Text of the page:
What You Need To Know If You Were Injured On Someone Else's Property in Georgia
Falls are unfortunate. But, just because you slip, trip, or fall on someone else’s property in Georgia does not automatically mean the owner or occupier of that property is liable for your injury. To determine if someone bears liability for your injury, the following factors must be considered.
Factor #1: Are You an Invitee, a Licensee, or a Trespasser?
One of the first steps to consider in evaluating a premises liability claim is the reason the injured person was on the property. Georgia law recognizes three different statuses for people who are present on someone’s property: (1) invitee; (2) licensee; and (3) trespasser.
An invitee is someone whose presence on the property benefits both the injured person and the owner or occupier of the property. One of the most common examples is a customer at a business like a grocery store, retail store, or a restaurant. A customer’s presence is a benefit to them, as well as to the business owner. An ordinary negligence standard applies to invitees. In other words, a defendant can be held liable of it fails to exercise ordinary care in keeping the premises safe.
A licensee is someone who goes onto a property for their own interest or benefit. A social guest at a friend’s house is an example of a licensee. To establish liability if you are a licensee, you must show that the defendant’s conduct was willful or wanton. This is a high standard. To recover damages, you would basically have to show that the owner or occupier of the property intended to cause harm or knew about a dangerous condition on the property and failed to correct or warn about it.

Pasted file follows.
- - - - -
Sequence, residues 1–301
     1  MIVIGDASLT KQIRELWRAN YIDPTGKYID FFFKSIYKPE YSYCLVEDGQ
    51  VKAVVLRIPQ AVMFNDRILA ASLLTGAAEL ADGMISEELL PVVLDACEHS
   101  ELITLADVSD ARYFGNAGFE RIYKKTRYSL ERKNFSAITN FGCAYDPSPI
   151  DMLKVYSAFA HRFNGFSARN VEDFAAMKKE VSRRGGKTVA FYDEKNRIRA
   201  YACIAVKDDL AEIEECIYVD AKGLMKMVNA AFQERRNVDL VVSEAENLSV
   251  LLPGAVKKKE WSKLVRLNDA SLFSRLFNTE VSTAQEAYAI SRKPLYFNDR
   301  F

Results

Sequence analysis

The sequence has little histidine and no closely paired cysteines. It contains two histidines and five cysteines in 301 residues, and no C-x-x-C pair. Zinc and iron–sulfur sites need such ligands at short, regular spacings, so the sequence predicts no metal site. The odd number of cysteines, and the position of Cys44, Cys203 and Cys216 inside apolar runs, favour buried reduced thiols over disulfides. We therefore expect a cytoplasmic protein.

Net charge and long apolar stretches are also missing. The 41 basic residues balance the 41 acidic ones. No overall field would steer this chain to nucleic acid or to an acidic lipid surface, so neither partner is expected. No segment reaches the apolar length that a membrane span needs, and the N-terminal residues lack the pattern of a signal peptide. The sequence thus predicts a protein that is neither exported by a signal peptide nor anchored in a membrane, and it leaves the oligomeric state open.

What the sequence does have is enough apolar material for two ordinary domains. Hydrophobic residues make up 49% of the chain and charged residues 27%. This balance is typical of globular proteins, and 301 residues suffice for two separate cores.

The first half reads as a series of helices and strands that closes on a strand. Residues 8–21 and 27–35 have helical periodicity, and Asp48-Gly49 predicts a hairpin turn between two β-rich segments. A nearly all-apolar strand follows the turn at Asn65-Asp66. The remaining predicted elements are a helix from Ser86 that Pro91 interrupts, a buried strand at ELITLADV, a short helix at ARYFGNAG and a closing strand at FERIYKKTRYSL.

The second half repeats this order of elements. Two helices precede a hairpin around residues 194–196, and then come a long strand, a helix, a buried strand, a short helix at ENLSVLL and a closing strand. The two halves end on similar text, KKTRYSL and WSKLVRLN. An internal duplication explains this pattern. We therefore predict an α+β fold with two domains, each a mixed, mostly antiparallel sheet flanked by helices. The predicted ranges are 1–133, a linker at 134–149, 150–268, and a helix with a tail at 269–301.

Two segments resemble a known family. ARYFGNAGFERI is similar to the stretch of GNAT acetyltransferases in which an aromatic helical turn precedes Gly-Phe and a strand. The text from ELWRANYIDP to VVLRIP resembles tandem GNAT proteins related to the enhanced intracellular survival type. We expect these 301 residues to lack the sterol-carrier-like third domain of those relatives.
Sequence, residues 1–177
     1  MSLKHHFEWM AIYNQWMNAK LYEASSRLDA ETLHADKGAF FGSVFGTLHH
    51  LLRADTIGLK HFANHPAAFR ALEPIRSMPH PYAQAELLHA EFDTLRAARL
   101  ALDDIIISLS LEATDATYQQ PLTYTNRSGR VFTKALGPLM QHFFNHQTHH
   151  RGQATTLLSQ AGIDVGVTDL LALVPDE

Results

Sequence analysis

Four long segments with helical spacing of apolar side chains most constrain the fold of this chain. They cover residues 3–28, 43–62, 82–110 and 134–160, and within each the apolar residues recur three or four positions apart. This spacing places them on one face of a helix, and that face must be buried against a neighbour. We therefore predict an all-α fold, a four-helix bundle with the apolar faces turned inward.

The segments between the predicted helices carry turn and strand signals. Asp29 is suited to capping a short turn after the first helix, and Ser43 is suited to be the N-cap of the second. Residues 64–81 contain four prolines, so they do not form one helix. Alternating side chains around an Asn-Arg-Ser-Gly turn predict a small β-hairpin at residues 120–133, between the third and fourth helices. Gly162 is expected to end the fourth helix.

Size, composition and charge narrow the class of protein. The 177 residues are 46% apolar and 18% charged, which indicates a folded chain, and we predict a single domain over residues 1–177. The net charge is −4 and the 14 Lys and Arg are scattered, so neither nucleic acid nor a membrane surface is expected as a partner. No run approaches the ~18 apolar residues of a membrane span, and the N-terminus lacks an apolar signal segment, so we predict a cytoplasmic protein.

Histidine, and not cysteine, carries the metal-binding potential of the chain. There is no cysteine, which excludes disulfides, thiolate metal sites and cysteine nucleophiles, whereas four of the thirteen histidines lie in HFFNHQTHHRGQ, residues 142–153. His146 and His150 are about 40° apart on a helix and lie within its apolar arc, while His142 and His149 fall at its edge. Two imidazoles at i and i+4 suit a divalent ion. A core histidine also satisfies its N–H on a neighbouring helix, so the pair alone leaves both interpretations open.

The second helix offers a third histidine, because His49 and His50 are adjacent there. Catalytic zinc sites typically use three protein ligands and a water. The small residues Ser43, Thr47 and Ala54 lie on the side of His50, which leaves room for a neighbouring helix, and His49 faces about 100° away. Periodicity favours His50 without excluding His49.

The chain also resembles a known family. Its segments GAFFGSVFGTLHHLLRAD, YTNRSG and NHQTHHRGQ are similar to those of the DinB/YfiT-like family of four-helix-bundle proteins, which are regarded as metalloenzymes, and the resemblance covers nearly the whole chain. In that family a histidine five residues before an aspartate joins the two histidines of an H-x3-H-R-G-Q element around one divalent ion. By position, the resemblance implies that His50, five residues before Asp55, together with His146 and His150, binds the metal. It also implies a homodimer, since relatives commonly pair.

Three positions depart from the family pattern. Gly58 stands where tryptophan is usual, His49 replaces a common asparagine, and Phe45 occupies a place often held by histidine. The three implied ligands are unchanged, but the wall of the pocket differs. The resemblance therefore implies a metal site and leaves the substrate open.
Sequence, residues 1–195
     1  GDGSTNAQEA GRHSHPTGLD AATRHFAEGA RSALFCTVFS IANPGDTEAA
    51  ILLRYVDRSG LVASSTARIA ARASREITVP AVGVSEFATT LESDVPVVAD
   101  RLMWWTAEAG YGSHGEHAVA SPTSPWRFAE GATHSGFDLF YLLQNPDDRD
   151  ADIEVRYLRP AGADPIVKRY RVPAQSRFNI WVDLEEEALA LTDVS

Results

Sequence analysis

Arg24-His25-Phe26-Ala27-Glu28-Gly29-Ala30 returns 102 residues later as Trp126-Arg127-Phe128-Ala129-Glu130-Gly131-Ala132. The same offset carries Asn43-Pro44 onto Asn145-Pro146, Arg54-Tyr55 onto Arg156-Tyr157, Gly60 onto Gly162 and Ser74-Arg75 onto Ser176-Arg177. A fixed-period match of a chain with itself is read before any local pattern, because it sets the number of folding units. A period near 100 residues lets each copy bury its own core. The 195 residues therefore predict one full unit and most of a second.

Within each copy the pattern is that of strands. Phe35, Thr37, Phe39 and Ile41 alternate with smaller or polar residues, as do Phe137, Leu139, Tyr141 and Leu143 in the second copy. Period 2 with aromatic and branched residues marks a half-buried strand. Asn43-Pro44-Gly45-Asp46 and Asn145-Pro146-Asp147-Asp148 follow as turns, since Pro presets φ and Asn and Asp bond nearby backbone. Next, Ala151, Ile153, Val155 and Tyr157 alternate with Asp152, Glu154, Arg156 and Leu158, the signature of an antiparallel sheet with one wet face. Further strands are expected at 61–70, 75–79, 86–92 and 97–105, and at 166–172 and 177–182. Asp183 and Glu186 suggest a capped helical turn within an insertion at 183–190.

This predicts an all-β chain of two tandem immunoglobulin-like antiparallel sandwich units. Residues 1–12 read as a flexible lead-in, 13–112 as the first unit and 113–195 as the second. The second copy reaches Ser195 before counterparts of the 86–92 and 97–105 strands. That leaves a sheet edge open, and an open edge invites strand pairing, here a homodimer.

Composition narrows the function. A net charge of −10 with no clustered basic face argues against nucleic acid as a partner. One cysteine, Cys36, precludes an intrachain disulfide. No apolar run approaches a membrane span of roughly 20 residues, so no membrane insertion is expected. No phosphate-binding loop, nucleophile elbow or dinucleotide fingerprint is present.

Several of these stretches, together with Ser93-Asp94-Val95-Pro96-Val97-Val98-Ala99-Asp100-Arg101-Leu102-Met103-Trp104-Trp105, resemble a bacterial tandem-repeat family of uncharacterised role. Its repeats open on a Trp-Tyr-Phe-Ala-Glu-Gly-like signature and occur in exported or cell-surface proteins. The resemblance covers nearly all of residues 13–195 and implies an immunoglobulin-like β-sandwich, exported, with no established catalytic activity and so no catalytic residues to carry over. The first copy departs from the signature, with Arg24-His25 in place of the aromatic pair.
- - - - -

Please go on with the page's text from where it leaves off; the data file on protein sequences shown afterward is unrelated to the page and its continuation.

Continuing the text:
A trespasser is someone who wrongfully enters someone else’s property. Someone who owns or occupies a property has a duty to avoid causing willful or wanton injury to a trespasser if the trespasser’s presence is known. However, there is no duty owed to a trespasser who is not known to be on the property because there is no duty to anticipate a trespasser’s presence.
Factor #2: Did the Defendant Know the Hazardous Condition Existed?
In order for a premises liability defendant to be held liable for an injury, you must be able to show that they had knowledge that the hazardous condition existed. This is referred to as notice. The notice can be actual or constructive.
Actual notice exists when there is an actual knowledge that the condition exists. Constructive notice exists when they should have known it existed. Constructive can be shown in a number of different ways. For example, if the condition existed for a long enough period of time that the owner should have discovered its presence, then constructive notice may be found to exist. Another common way to show constructive notice is by showing that the business lacked reasonable inspection procedures and failed to properly inspect the property to discover the condition’s presence.
An owner’s knowledge of a hazardous condition must be greater than then knowledge that the injured person possessed. If the injured party knew of the dangerous condition, then they will be considered to have had at least equal knowledge and a court may rule that they cannot pursue a claim for their injuries. For example, say you saw someone at a neighboring table in a restaurant spill a drink. Even if an employee was notified or noticed the spill, you would have equal knowledge of the condition of the spilled drink. So, if you slipped and fell in the spilled drink before an employee cleaned it up, you would be considered to have equal knowledge, and the court may conclude that the restaurant cannot be held responsible for your injuries.